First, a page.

Gliwice


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Gliwice

(glĭvē`tsĕ), Ger. Gleiwitz, city (1993 est. pop. 216,000), Śląskie prov., SW Poland. A coal-mining and steel-making center of the Katowice region, it also produces automobiles, machinery, and chemicals. Its busy port on the Gliwice Canal gives it access to the Baltic Sea via the Oder River. Chartered in 1276, Gliwice was ceded by Austria to Prussia in 1742 and returned to Poland after World War II.
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The following article is from The Great Soviet Encyclopedia (1979). It might be outdated or ideologically biased.

Gliwice

 

a city in Poland, in Katowice Województwo. Population, 169,000 (1969). It is an important railroad junction and a river port on the Gliwice Canal. The city is the second most important manufacturing center of the Upper Silesian conurbation, with about 45,000 workers. Among the city’s industries are heavy machine-building, metallurgy, and chemicals. There is coal mining. The city has a polytechnical institute and metallurgical and other scientific research institutes. Gliwice has existed as a city since the end of the 13th century.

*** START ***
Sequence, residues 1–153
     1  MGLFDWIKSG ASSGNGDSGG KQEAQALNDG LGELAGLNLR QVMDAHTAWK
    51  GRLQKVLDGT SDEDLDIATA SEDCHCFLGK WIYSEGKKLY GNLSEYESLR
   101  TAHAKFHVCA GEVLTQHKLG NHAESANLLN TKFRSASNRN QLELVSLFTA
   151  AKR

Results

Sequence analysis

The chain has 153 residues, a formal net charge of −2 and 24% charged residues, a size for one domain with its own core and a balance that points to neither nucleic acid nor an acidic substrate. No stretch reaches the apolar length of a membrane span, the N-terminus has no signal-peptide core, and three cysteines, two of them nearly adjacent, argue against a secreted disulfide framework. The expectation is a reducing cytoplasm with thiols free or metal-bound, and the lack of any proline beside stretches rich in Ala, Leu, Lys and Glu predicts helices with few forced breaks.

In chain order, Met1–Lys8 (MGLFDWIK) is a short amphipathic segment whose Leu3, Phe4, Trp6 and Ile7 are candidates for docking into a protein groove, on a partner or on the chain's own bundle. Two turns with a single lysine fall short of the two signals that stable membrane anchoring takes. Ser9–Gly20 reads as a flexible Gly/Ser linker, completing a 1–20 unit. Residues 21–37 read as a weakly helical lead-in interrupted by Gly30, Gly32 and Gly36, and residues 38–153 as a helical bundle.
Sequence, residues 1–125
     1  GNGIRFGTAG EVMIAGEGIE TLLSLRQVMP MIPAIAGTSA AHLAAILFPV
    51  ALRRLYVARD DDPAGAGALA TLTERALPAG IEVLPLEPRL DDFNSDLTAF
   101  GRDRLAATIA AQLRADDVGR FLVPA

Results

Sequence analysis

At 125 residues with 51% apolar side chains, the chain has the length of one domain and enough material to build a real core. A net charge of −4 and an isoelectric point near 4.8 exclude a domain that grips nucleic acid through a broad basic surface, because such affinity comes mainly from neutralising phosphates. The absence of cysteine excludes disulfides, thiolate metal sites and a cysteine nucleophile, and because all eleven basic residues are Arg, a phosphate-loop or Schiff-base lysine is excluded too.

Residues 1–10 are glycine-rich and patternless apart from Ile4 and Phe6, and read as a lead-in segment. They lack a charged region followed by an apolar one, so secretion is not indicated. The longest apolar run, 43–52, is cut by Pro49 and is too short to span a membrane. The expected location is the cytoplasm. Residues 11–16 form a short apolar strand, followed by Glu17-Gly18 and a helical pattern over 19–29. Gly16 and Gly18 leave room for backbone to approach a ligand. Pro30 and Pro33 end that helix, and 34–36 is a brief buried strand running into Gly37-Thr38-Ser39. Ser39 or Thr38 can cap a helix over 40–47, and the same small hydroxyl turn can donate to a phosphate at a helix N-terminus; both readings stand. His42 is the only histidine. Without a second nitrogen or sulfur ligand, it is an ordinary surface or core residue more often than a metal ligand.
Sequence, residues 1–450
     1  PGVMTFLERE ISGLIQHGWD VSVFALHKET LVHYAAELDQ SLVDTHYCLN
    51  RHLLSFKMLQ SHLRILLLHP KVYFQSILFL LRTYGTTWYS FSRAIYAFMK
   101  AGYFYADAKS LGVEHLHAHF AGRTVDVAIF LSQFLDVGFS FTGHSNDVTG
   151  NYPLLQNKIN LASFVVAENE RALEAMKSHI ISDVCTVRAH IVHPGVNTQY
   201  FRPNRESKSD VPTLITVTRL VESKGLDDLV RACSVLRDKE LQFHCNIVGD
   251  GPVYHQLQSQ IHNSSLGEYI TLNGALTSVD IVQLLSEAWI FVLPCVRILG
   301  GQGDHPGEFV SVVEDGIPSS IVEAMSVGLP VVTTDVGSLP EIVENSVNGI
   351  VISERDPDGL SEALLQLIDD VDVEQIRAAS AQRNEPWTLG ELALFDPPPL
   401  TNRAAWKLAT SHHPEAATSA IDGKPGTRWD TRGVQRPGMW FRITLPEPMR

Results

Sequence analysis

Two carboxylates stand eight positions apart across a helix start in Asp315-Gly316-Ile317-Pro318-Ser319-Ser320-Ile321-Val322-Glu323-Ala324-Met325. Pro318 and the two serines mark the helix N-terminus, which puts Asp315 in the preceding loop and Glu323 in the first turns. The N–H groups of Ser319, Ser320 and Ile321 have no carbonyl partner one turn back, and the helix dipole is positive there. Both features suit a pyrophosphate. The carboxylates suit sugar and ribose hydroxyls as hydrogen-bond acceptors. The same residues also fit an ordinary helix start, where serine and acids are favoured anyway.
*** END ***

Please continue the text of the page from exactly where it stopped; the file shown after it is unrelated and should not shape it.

The Great Soviet Encyclopedia, 3rd Edition (1970-1979). © 2010 The Gale Group, Inc. All rights reserved.

Gliwice

an industrial city in S Poland. Pop.: 212 164 (1999 est.)
Collins Discovery Encyclopedia, 1st edition © HarperCollins Publishers 2005
References in periodicals archive ?
"Welcoming the production of large vans is a major milestone for the future of the Gliwice location and also a big challenge to achieve the highest levels of efficiency and quality for the satisfaction of business customers.
The affirmation reflects Fitch's unchanged view of Gliwice's continued sound operating performance and strong debt service and debt payback ratios in the medium term, despite pressure on operating spending.